“FORGIVE US OUR TRESPASSES”
Emma Storm watched the first snowflakes of winter falling from the large bay window she loved—a chill swept through her as cold as the now accumulating snow. As she wrapped her arms about her shoulders rubbing vigorously, her mind drifted back to a warmer time… “I thought you were my friend,” she yelled. “How could you steal from me? I would have given it to you, but noooooo—you’d rather steal…” “Emma, pleassssseee,” the frail voice tried to interject, but Emma’s rage was too much.
“Forgive me, I just didn’t know it was yours…I found…” her friend Joyce fended. “Don’t give me that, ‘I found it’ routine” Emma blasted again. “You knew!! You’ve admired it for years. That was my grandmother’s brooch-- a family heirloom! There’s not another to be found and you…” “Okay, okay but I didn’t steal it—I borrowed and returned it,” her friend Joyce finally managed to say. “Only after I was frantic and told you it was stolen,” Emma cracked again.
I forgot about it, Joyce tried again. Right! I think you should leave now, Emma snapped. “Emma, we’ve been friends a long time. I’d forgive you,” Joyce pleaded. “Of course you would, because you’re not me. I’ll try to forgive you because we do so much work together, and we’re members of the same organizations at church, but I won’t forget it!” Emma said “matter-of-factly”, slamming the door behind her friend.
Emma’s thoughts returned to the present. She was mindful of the newspaper dropped at her feet. Staring back at her from the “Obit” section, as they’d laughingly called it on the job, was her “friend” Joyce’s picture. At that moment she realized she never really forgave her for the brooch. To make matters worse, her husband Tom told her the most shocking story, that morning… It’s too bad you and Joyce lost track of each other. Over the years, you never let me call her name. That’s too bad too, now that she’s gone. Her husband told me she’d asked for you…I tried to tell you…,” his voice trailed off. “Gone? Asked me…?” Emma’s mind went racing. “When did she get sick? What happened..?” she thought feverishly.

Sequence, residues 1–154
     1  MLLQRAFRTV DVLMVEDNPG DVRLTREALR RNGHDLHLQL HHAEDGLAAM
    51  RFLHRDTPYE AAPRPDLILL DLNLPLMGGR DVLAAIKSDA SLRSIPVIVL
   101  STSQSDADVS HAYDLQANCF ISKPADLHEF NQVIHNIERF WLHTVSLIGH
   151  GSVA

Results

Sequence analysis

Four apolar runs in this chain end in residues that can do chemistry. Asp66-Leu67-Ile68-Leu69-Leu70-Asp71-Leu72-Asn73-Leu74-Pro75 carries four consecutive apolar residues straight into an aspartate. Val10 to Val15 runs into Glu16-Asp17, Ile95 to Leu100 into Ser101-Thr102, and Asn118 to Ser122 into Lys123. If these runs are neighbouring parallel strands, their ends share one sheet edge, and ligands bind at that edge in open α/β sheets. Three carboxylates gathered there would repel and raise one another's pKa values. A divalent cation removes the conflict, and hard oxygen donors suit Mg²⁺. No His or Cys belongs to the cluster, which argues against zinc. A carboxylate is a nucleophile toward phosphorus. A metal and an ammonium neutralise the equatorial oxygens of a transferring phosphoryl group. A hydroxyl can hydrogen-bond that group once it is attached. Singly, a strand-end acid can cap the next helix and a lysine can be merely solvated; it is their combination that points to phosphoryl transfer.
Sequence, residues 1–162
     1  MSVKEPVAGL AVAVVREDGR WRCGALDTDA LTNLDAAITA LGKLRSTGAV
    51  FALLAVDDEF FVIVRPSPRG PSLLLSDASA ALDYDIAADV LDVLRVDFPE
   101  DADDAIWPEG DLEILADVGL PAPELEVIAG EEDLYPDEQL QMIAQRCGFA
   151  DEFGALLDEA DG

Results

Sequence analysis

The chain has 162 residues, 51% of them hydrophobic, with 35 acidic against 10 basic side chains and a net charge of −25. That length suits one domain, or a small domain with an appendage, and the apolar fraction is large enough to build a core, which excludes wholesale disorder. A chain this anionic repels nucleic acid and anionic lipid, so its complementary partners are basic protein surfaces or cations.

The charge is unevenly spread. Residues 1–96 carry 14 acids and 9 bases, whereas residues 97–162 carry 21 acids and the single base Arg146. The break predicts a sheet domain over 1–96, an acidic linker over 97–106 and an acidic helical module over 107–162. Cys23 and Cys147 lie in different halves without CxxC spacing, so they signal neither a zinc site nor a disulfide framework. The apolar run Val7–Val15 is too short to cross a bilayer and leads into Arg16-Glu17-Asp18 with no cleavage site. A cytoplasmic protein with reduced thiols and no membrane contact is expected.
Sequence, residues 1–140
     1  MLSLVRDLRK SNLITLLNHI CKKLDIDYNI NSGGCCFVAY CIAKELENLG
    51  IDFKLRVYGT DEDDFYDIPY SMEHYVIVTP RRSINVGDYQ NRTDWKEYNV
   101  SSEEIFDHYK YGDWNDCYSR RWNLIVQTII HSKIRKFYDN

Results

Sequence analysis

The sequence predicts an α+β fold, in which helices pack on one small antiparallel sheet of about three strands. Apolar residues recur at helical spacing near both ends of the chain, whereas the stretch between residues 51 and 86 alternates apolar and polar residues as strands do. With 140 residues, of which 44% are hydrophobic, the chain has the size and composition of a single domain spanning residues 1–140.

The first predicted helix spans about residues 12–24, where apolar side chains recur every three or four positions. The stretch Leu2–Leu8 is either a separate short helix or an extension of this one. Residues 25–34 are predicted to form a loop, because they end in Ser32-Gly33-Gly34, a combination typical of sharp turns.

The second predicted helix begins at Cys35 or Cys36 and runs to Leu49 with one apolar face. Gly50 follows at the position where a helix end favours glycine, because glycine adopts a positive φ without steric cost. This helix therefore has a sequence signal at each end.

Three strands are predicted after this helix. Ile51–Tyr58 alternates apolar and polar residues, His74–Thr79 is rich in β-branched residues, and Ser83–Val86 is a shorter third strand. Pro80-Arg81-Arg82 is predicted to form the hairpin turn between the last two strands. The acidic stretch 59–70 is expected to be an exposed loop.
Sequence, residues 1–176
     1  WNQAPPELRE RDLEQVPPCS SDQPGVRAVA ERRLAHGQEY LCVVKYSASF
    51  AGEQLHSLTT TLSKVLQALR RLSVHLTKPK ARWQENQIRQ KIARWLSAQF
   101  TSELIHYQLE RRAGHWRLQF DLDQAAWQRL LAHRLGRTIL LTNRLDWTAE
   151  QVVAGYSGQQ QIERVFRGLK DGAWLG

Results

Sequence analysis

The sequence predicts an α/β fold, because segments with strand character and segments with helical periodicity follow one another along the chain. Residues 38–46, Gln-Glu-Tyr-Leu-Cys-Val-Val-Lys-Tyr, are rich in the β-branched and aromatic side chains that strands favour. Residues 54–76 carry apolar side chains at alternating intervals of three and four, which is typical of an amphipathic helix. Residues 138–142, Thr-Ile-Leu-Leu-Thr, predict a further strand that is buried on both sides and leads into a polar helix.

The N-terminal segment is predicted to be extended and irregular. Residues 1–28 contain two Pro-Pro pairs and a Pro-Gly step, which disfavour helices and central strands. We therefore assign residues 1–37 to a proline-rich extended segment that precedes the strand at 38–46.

“You know, the night I let her use your Grandmother’s brooch for that dinner party—I told her it was ‘hush-hush’ or you’d have my head. All she could talk about was you, and how much that brooch meant to you. How she’d wish she had a grandmother like yours that you thought so much of…that’s too bad,” Tom’s voice trailed again as he went out of the door.
Oh my God! Jesus, don’t let this be happening, she groaned desperately from deep within, sounding like a wounded animal. “She hadn’t stolen the brooch! She was telling the truth, trying to save Tom—all those wasted years ago. Joyce! Joyce, forgive meeee! She wailed as the tears welled up in her eyes. “I didn’t know…I didn’t know,” she said through muffled sobs.
Picking up the newspaper, it felt as though the weight of the world was embedded in it. As she lowered her weary, troubled body into the chair beside her favorite window, she began to pray, as hot tears trickled down her cheeks, like the falling snow: “…Forgive us our trespasses as we forgive those who trespass against us…” How many times had she heard and recited this prayer in vain? They were just words. Unless she forgave—she would not be forgiven. How she longed for her friend. How she wished she’d returned the cards and letters from her over the years...
If only she had been the friend and Christian she’d professed to be all those years, she would have forgiven her friend and offered the matching earrings too! “Thank you Joyce for being my friend even in death. For in death you’ve taught me the thing I would not hear from you in life. In death, you’ve afforded me the chance to live the truth I profess—in death, I know you’ve forgiven me. Now, with God’s help, perhaps I can forgive myself.”
Moral: Death is the only time it is too late to forgive or be forgiven. As long as you have breath and there is someone you need to forgive or be forgiven of, why don’t you take time to do it, today—instead of putting it off? We always believe we have time, but time is not promised.
The Bible tells us, if we’re to be forgiven (by God) then we must forgive others. Isn’t your soul salvation worth more than the “vanity “of unforgiveness? Our last breath is too late. There is only silence, in the grave.